La PoutineChooses TBay First for Character
Brigitte Tremblay of La Poutine told us that she loves working with other local businesses because of their character. “When you deal with a local supplier you’re not dealing with a business,” she said, “you’re dealing with people. And people have passion for their business.” What that means for her is that, whether she’s calling Heather at Legion 149 to order perogies, the Maltese Grocery to order meat or DeBruin’s Greenhouses for seasonal vegetables, she knows her suppliers will talk to her like a real person, not an account number. They’ll be eager to learn what she’s planning to do with their products and they’ll share their expertise, make helpful suggestions and tell others about what she’s up to. In a town like Thunder Bay, where the Two-Degree Rule rules, this kind of relationship is priceless: it connects you to the community.
Montreal-born Brigitte came to northwestern Ontario in the early 2000s and, drawing on her fine-food culinary training, quickly established herself among fans at the Red Rock arena, the Red Rock drive-in and eventually the Nipigon drive-in, where the infamous Champ burgerwas born in 2006. After almost a decade of delighting area tourists and locals alike, she set her sights on Thunder Bay. There were lots of reasons for the move including a bigger customer base, our large community of francophones, and a more sophisticated food scene, but the one closest to Brigitte’s heart was the availability of locally-produced ingredients, starting with the Breukelman potatoes that have formed the base of most of her dishes since she first opened here in 2016.
Traditional poutine, if you’re not familiar, is a dish made popular in Montreal. It consists of French fries sprinkled liberally with cheese curds and covered with hot poutine sauce, which is similar to gravy. For most of us, the options for that recipe have meant “cheese curds that melt” or “cheese curds that don’t.” For Brigitte, set loose in a community boasting local farmers, local makers and local retailers of fine ingredients, the options are endless. You can actually see her eyes sparkle as she rhymes off some of the goodies she’s found to use in her creations: Heartbeat Hot Sauce, Chino’s bottled Italian sauces and Pasta Shoppe pastas regularly show up on her menu and in her “limited time only” creations. Recently we spotted DeBruin’s cucumbers in her Dill Pickle Poutine. She’s even got The Cheese Encounter regularly supplying her with foie gras (which she boasts is even better than her own) for her Maurice “The Rocket” Richard Poutine.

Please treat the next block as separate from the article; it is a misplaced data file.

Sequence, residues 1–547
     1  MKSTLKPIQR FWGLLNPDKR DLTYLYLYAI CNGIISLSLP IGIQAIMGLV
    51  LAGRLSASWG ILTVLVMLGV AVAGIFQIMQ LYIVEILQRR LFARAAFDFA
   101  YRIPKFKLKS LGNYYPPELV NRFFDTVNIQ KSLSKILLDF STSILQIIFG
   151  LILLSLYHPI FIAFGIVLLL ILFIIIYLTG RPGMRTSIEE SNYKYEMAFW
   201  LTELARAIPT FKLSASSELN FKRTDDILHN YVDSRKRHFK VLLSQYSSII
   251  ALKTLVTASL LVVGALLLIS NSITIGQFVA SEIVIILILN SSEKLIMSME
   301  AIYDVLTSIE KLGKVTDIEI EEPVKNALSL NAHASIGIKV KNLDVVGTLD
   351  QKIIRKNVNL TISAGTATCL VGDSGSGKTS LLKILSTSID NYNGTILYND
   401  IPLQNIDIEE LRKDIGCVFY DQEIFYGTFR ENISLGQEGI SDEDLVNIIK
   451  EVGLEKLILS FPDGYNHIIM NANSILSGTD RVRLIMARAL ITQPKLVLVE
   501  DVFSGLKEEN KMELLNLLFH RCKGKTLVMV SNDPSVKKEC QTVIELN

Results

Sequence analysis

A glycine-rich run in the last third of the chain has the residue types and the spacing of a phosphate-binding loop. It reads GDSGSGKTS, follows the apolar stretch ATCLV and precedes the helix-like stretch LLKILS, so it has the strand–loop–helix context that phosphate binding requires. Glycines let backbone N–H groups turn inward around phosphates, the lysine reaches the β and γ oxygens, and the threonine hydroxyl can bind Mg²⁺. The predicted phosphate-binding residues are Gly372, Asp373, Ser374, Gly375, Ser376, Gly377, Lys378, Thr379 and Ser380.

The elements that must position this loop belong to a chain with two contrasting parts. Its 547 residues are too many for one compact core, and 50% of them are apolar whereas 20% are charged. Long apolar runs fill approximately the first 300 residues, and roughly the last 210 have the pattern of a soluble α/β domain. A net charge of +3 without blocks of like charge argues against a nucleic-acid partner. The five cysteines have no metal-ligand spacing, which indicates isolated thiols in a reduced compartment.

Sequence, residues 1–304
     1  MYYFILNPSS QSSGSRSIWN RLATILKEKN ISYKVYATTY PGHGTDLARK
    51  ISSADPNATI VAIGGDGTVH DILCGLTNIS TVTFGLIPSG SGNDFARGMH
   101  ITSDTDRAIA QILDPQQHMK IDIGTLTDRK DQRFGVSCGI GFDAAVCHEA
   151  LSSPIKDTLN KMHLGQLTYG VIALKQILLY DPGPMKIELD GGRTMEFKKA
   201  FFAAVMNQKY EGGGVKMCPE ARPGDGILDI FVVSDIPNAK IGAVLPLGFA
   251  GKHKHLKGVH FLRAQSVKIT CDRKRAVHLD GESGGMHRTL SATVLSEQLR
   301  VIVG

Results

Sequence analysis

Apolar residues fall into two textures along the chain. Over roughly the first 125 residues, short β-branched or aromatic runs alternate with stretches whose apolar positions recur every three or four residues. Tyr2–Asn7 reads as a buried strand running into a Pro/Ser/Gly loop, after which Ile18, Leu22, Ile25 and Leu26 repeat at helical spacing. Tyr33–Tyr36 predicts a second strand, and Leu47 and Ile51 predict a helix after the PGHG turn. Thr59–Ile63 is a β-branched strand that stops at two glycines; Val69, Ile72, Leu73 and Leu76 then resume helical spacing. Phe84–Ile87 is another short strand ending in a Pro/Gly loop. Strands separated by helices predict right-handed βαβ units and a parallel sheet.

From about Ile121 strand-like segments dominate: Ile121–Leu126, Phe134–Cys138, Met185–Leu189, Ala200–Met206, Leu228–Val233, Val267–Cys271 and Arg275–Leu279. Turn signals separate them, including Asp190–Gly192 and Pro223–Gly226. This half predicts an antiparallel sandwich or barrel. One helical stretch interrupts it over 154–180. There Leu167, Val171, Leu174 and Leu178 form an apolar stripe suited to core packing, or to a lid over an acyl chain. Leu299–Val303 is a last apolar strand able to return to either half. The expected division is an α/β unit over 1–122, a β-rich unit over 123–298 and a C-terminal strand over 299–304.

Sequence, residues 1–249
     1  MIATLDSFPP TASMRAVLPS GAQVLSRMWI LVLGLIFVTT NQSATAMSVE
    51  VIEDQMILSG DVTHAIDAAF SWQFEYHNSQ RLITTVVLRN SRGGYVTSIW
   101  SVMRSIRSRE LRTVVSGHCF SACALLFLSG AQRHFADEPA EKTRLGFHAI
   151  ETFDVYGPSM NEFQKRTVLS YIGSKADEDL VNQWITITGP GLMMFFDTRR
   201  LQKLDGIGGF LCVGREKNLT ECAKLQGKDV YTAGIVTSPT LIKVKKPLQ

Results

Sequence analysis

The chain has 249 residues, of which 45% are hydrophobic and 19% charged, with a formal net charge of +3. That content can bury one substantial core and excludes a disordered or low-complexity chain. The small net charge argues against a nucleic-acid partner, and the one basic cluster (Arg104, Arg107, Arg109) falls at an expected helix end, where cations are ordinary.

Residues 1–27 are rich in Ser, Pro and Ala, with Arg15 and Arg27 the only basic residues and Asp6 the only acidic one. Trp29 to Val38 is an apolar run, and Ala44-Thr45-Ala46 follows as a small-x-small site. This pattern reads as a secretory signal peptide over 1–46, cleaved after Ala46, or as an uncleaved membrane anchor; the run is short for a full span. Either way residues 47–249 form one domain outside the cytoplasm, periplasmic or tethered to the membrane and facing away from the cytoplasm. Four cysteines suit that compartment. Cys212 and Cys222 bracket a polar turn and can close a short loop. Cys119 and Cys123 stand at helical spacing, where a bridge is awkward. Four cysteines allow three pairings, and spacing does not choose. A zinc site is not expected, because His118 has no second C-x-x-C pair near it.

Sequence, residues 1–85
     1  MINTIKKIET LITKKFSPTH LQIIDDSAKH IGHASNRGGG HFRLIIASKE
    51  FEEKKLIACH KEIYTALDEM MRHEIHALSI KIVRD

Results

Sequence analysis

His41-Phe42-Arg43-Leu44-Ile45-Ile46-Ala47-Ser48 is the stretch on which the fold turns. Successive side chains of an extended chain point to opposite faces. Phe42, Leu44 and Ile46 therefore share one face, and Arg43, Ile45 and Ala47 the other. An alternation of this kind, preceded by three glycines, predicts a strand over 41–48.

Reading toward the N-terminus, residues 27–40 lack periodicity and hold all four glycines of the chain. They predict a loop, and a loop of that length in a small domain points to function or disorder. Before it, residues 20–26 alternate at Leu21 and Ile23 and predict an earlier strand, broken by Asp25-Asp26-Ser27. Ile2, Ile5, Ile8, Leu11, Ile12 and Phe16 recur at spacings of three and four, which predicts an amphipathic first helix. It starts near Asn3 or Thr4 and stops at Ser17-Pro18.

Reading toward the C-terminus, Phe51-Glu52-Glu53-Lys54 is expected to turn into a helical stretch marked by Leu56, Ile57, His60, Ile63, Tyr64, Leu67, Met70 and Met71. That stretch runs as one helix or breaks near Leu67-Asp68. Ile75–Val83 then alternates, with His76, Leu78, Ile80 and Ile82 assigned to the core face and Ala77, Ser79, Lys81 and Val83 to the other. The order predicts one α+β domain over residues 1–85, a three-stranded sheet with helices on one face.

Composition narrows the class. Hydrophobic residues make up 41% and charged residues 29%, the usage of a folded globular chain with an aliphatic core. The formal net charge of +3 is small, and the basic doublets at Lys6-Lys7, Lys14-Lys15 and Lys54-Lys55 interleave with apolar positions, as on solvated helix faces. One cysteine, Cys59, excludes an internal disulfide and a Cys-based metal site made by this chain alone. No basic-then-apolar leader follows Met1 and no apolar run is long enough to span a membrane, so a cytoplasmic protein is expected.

Located as it is on St. Paul Street in downtown Port Arthur, La Poutine is a frequent stop for visitors to the city and serves as a delicious gateway for foodies looking to explore our city’s character by tasting it. After all, what do you do after eating fantastic pulled pork cooked in local Sleeping Giant beer but make the brewery your next stop?
Brigitte and her tightly-knit staff team marked La Poutine’s 2-year anniversary on October 1st, and are planning on launching a new menu sometime this fall to celebrate. We can’t wait to see what they’ll come up with next! Get a taste of Thunder Bay character at 16 St. Paul Street or visit them on Facebook for mouth-watering photos and more information.
To support you through the uncertainty of Coronavirus, the Thunder Bay Chamber of Commerce has gathered and prepared several resources.
In keeping with the recommendations of the Thunder Bay District Health Unit to reduce social gatherings in order to help slow the spread of COVID-19 and in consultation with our hosts at CIBC, the March 18th After Business has been postponed until further notice. We look forward to rescheduling at the earliest opportunity. Learn more about the Health Unit’s recommendations: https://www.tbdhu.com/coronavirus
To help businesses prepare for and manage through a potential COVID-19 escalation in Canada, the Canadian Chamber has developed a brief guide source from a number of best practice documents and designed to assist business planning and continuity efforts. This tool includes links to the some of the most relevant and credible information, best practice tools and resources and can be found here.
Olives and Bananas joined the Chamber in January 2020. They’re more than a yarn shop, aiming to supply a wider range of fibre arts supplies from wool yarn to wool roving, felting tools, knitting, crochet, spinning, weaving, macrame, cross stitch and embroidery. Natural fibres are at the heart of the shop, for both ethical and environmental reasons; slow fashion is an important key to a sustainable future.
The fourth annual Ontario Economic Report (OER), released today by the Thunder Bay Chamber of Commerce and the Ontario Chamber of Commerce, reveals areas of opportunity where both business and government can focus to create an environment more conducive to small business success.